Ever read a biography and felt as though you were reading your own words? Or maybe, talking to your best friend? I definitely felt like I had that experience when reading Michelle Obama’s latest book, Becoming. There’s so many moments in her recollections that strike a nerve. So many comments that aptly tap into the way I, and, I’m sure, many others among you, view the world. Perhaps one of my favourite recurring themes throughout the book, is her continual desire to grow herself, to push her limits, to keep getting better.
Making revelations about he growth mind-set from her youth to date, in ‘Becoming Me’, Michelle poignantly questions her own past perceptions that she would, quite finitely, become a lawyer after her Ivy League education.
“As if growing up is finite. As if at some point you becoming something and then that’s the end.”
It’s common knowledge that Michelle had practised as a lawyer in her early adult life. Only that now she has disclosed her true perceptions towards the esteemed profession. Her determination to move forward in the world, to be held, socially, in high regard, maintained her loyalty to a career that she was beginning to resent for it’s indirect approach to instigating mass change.
This, most certainly, comes as a breath of fresh air, to individuals tired of hearing idealisations of institutional, by-the-book success.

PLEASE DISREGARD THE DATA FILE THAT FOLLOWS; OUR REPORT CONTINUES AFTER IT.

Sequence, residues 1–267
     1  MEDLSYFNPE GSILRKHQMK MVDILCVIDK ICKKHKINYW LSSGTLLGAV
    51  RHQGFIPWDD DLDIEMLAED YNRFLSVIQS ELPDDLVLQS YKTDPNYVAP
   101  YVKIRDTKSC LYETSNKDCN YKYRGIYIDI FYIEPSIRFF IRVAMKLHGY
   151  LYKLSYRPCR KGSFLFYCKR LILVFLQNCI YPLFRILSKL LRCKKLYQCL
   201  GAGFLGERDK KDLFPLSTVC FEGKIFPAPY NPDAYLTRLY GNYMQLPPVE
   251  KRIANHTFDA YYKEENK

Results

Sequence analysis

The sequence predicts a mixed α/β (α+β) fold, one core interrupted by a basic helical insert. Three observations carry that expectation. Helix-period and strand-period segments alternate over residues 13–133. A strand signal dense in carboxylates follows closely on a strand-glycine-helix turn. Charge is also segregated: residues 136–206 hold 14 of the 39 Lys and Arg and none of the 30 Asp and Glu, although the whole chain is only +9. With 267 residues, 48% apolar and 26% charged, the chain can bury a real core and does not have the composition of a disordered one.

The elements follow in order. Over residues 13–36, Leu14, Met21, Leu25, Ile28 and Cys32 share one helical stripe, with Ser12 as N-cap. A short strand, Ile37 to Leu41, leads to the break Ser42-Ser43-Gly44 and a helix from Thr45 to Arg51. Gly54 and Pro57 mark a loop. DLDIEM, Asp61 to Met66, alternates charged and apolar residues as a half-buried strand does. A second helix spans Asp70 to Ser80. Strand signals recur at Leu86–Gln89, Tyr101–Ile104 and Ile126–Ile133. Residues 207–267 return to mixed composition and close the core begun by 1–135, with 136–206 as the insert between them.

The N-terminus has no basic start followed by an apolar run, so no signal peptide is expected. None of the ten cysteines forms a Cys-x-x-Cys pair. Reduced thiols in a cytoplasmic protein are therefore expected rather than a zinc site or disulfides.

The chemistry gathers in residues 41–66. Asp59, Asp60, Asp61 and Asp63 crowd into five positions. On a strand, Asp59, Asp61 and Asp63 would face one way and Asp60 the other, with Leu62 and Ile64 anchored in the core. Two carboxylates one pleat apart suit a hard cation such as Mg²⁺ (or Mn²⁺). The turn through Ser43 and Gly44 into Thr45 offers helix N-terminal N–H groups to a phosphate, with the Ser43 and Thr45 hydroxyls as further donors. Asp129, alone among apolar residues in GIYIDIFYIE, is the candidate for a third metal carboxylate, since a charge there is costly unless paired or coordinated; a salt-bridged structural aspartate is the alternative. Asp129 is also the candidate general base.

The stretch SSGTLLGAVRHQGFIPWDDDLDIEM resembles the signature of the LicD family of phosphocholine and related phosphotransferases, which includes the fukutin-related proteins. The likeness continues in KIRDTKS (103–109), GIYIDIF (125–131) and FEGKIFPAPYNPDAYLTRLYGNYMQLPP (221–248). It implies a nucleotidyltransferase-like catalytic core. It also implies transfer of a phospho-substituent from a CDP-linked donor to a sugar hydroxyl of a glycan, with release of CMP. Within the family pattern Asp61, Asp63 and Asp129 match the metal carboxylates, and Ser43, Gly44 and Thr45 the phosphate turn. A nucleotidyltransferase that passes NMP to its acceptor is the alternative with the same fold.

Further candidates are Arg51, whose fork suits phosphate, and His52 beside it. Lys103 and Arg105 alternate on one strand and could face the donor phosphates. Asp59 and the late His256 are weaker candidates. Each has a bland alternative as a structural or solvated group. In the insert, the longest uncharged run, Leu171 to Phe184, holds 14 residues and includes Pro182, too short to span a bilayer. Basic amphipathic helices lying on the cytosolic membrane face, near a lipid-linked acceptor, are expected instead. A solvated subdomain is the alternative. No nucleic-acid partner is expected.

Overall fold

Her message rings clear. The established path, the traditional routes to success, will not necessarily lead to personal fulfilment. An important reminder for us all.
Of course, leaving behind her piled desk at the law firm, Michelle went on to pursue a career in community work and politics.
It’s helped me, and it should help you, take away the sense that, whilst a certain path might appear attractively clear-cut, there’s no guarantee that it will lead you to the ideal destination. Life, so to speak, is a journey wherein, sometimes, you have to venture down a path just to know that it’s the wrong way.
Friendships and early influences.
I found myself inwardly smiling at the description of Michelle’s best friend in College, Suzanne. A track runner and avid dance class attendee, Suzanne, according to Michelle, was the kind of girl that based the majority of her decisions on how fun they were likely to be, and swiftly changed direction when they “messed with her joy“. This is something that I have tended, and still tend to do.
Barack’s apparent contradictory nature, “serious without being self-serious” and “breezy in his manner but powerful in his mind“, brought to mind certain fond friends of mine that have this lethal trait combination. A laid-back manner and steely focus. Demonstrative of her genuine character, is Michelle’s exposure of her cravings for authenticity in her friendships. It’s a terrible feeling, suspecting that someone in your inner circle is only there to gain something, rather than out of genuine affection for you.
Michelle touches on this issue of fake friends that were beginning to plague her life as first lady. Down-to-earth, “thirsty” is the word she and Barack uses to describe the people blatantly attempting to claw their way into her inner circle as an effort to boost their own status.